Pizza and Conversation

Sorry you didn’t hear from me yesterday. But I have a good excuse. We came home from Church at mid-day, opened our front door, and were nearly bowled over by the heavy scent of gasoline emanating from our apartment. I took a deep gulp of fresh outside air and dashed heroically into the house to see if I had left the gas stove on. I hadn’t, and we don’t really have any other ways to leak gas into our house. So we went upstairs to talk to our landlord. He was not at home, but when his wife phoned him, he confessed that he had indeed spilled gasoline that morning as he was filling up his car in the garage. Not only does our apartment share a wall with said garage, but it also has a row of six lovely frosted windows looking into it, which are not exactly hermetically sealed. To top it all off, our internet cable comes in through a rather large hole drilled into one of those window-frames.

We opened all the windows and doors to let the gasoline fumes escape. Unfortunately, just at that moment our neighbor across the street decided to start burning her rubbish. The thick, acrid smoke immediately began pouring into our house through all those open doors and windows. So yes, even though it was cold and slightly drizzling, we decided to take an impromptu afternoon walk rather than the cozy warm nap we had originally planned, while we let our apartment air out. I dressed everyone in three or four layers of warm clothing, and we set out. It turned out to be quite a nice walk in spite of everything, but when we returned our house remained uninhabitably gassy and smoky.

Fortunately, at church that morning we had received an invitation to pizza at the Branch President’s house. So we piled into the car and set off for a delightful evening. President made nine pizzas, all of different types, and all delicious. I always see tuna pizza on restaurant menus here, and think it sounds awful. But it was actually quite tasty mixed with some carmelized onions. And the roasted pepper, green olive and prosciutto pizza was delectable.

What we really enjoyed, though, was the company. I looked around at one point during the evening and realized what an an eclectic group we were. There was Presidente Pepe from Argentina with his wife, who is from Chile. Carlos, himself a son of Argentine immigrants, although he grew up in Italy, was there with his delightful new Swiss wife, Naike. President’s in-laws were there from Chile as well, and then there was our family, the Americans. We had not one bona fide Italian among us, although we were all jabbering away at each other more or less in Italian. I say more or less, because the Chilean grandparents spoke only Spanish, which is also in common daily use among the South American Italians present. Tony and I spoke a fair amount of English with Carlos and the President’s son. And there were various discussions of what this or that word meant in English, Spanish, Italian, or Chilean Spanish.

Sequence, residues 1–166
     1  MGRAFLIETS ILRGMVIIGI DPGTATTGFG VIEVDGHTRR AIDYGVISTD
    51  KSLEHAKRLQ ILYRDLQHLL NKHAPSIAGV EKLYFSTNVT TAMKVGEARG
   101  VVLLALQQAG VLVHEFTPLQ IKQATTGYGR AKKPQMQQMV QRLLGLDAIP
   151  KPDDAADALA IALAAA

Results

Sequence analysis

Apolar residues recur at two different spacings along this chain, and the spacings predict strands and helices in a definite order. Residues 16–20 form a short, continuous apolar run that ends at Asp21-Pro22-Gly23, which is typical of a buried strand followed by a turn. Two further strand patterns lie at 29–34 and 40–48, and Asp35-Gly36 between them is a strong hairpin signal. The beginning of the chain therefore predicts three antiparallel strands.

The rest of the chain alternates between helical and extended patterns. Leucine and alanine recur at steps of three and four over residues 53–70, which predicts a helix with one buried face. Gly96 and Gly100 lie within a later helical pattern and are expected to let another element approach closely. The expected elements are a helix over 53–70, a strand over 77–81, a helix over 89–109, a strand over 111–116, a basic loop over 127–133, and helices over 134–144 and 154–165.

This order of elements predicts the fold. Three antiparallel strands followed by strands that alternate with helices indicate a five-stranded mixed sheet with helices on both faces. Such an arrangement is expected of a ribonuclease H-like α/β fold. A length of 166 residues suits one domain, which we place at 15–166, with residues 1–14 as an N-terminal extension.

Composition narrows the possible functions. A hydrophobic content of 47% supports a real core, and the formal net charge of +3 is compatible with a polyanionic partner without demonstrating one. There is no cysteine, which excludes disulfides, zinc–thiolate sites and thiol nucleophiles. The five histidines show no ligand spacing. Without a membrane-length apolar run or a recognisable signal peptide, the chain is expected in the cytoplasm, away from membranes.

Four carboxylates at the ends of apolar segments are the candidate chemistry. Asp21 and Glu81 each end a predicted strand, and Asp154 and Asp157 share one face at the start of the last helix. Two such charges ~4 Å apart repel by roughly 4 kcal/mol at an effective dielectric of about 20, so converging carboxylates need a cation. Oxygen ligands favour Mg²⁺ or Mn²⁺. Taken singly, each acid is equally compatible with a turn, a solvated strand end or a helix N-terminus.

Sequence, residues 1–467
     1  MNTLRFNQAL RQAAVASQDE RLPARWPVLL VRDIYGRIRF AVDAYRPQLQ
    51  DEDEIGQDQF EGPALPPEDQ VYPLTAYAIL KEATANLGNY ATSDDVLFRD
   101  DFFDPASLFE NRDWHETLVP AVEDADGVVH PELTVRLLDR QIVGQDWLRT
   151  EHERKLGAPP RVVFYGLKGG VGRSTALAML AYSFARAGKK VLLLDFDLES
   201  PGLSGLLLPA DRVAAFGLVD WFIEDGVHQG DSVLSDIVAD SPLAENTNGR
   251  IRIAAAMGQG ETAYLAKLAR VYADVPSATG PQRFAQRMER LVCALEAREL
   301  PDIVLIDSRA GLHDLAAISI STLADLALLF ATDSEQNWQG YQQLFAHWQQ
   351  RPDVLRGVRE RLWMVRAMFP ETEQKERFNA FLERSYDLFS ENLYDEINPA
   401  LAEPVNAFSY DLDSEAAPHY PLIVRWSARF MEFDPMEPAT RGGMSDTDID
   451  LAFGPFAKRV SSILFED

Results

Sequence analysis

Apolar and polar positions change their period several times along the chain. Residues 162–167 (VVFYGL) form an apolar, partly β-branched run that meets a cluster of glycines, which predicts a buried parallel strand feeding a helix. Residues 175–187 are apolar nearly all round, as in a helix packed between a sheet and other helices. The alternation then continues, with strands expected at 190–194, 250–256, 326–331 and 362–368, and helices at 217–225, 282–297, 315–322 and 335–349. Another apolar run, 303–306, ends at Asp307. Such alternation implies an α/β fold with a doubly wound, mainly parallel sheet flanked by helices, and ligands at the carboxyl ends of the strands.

Naike had made a delicious flourless cake with chestnuts and swiss chocolate. And I got to try a persimmon, which lately I see hanging orange and incongruous on bare trees everywhere. I had been under the impression that they were inedible without being boiled for hours. But the raw one that was given to me melted in my mouth like an exotic orange jelly. The 81-year-old Chilean grandfather kept insistently trying to feed Tony fork-fulls of his pizza. The Chilean grandmother was delighted that I remembered from my time in Chile the sweet tamale-like humitas, the cheese empanadas, and above all, the porotos (the peculiarly Chilean word for beans). She told me about the many years she had lived in Argentina, but how angry it always made her during those years for people to insinuate that she was Argentine. One of her anecdotes involved her indignantly retorting to someone that she was “more Chilean than the porotos,” which charmed me because I remembered it as the ultimate expression of Chilean pride. My favorite story, though, was the one where she was on the bus and someone said she had an Argentine accent. Her eyes flashed as she told me (dramatically acting it out as she said it) how she took the ice cream cone she was eating and squashed it right onto his forehead.

A good time was had by all, including our children, who speak the languages of Italian pizza and Swiss chocolate equally well. It just reminded me how fun and rewarding it is to share food, experiences, and conversation with people from different parts of the world. These days this famous Augustine quote pops up everywhere: “The world is a book, and those who do not travel read only a page.” It’s true. But having other people read your their own pages can sometimes be almost as good as reading the book yourself. (Isn’t that why you like to travel vicariously through me? I know it’s why I love reading travel blogs and travelogues.)

Oh, and if you’re wondering, our house smelled much better when we returned. We had the children sleep in our room as a precaution, since they normally sleep right up against the offending wall. However, as of today the gasoline spill is officially all cleaned up, and things are back to normal. As normal as things ever get around here, at any rate.

What do you think?